Now, if (~str.indexOf(...)) reads as “if found”, and to shorten indexOf checks:

let str = "Paris";
if (~str.indexOf("Paris"))
{
  alert( 'Found it!' ); // works
}

 

Moving on to the more efficient and modern way for the same purpose:

includes, startsWith, endsWith

All three of these functions return true or false for the substring being found in the given string. We could just use .includes(string), or specify the position to start searching from as in .includes(string, position).

alert( "Chris in Paris".includes("Chris") ); // returns true
alert( "Chris in Paris".includes("chris") ); // returns false because it is case sensitive

alert( "Chris in Paris".includes("Chris", 7) ); // returns false because there is no “Chris” after position 7

.startsWith(string) and .endsWith(string) are the syntaxes for functions that check the beginning and end of a string for the substring, respectively.

alert( "Chris in Paris".startsWith("Chr") ); // returns true
alert( "Chris".endsWith("is") ); // returns true

Comparing strings

The following are some important points we must remember for comparison between strings:

  • There is a character-by-character comparison between two strings.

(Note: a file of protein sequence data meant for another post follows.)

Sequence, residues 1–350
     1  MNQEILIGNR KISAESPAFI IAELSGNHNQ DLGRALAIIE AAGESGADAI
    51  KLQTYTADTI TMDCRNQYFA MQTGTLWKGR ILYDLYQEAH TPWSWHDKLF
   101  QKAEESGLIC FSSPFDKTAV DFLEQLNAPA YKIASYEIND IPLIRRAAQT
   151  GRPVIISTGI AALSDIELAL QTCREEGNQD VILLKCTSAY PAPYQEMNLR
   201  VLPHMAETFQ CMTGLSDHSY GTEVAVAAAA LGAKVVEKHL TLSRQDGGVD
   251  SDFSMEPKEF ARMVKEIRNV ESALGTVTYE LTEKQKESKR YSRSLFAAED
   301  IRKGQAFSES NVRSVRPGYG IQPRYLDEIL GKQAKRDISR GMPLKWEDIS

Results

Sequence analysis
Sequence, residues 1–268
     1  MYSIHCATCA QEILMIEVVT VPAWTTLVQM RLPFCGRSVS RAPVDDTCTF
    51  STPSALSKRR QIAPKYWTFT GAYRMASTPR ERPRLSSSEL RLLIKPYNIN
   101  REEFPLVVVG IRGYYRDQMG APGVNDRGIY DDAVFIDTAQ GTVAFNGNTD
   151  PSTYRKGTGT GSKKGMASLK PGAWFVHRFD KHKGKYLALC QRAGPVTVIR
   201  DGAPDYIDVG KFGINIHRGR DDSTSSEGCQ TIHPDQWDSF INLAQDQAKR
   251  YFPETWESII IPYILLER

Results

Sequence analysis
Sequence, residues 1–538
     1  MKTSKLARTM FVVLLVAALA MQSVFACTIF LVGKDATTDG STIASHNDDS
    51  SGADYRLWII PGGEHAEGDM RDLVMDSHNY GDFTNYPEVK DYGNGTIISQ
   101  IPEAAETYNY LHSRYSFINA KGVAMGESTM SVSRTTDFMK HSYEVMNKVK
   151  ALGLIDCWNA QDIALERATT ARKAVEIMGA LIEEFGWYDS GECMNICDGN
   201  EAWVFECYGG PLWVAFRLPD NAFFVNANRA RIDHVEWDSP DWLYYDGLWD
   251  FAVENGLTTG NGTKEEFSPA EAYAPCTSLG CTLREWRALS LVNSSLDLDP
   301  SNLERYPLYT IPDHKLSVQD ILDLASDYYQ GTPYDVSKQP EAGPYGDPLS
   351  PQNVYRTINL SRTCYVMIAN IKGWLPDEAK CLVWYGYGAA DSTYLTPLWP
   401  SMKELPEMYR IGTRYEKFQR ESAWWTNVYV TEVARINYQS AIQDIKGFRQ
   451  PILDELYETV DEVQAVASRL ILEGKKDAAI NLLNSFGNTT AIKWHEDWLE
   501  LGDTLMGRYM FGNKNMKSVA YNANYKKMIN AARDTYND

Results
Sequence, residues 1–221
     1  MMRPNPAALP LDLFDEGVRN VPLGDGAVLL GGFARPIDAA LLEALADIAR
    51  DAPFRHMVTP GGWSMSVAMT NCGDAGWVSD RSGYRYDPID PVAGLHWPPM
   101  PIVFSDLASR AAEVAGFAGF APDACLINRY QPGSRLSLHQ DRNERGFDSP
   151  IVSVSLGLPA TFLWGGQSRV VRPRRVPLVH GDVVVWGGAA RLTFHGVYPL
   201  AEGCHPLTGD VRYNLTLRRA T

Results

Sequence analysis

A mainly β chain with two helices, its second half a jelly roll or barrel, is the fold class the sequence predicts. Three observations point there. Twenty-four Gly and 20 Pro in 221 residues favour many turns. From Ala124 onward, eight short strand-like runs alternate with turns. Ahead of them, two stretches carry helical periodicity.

• Lowercase strings are greater than uppercase strings.
  • Diacritical marks on characters (á, é, ó, ü, ñ) in strings often cause unexpected results.
  • Both upper and lower-case characters in strings have specific numeric codes or ASCII codes. (Starting from 065 for uppercase alphabets and 097 for lowercase alphabets. Therefore a>A, h>H, etc)

 

alert( 'c' > 'G' ); // returns true

 

str.codePointAt(pos)

This takes the position as string.codePointAt(position), and returns the ASCII code for the character at the given position:

alert( "apple".codePointAt(0) ); // returns 97 because lowercase a has code 97
alert( "Apple".codePointAt(0) ); // returns 65 because uppercase A has code 65

 

String.fromCodePoint(code)

This lets us give a numeric code and generate the corresponding character for it.

alert( String.fromCodePoint(68) ); // D

 

Similarly, instead of giving ASCII codes, we can also give Unicode characters by using \u followed by the hex code:

alert( '\u005a' ); // in the hexadecimal system, 90(uppercase Z) is 5a

Special characters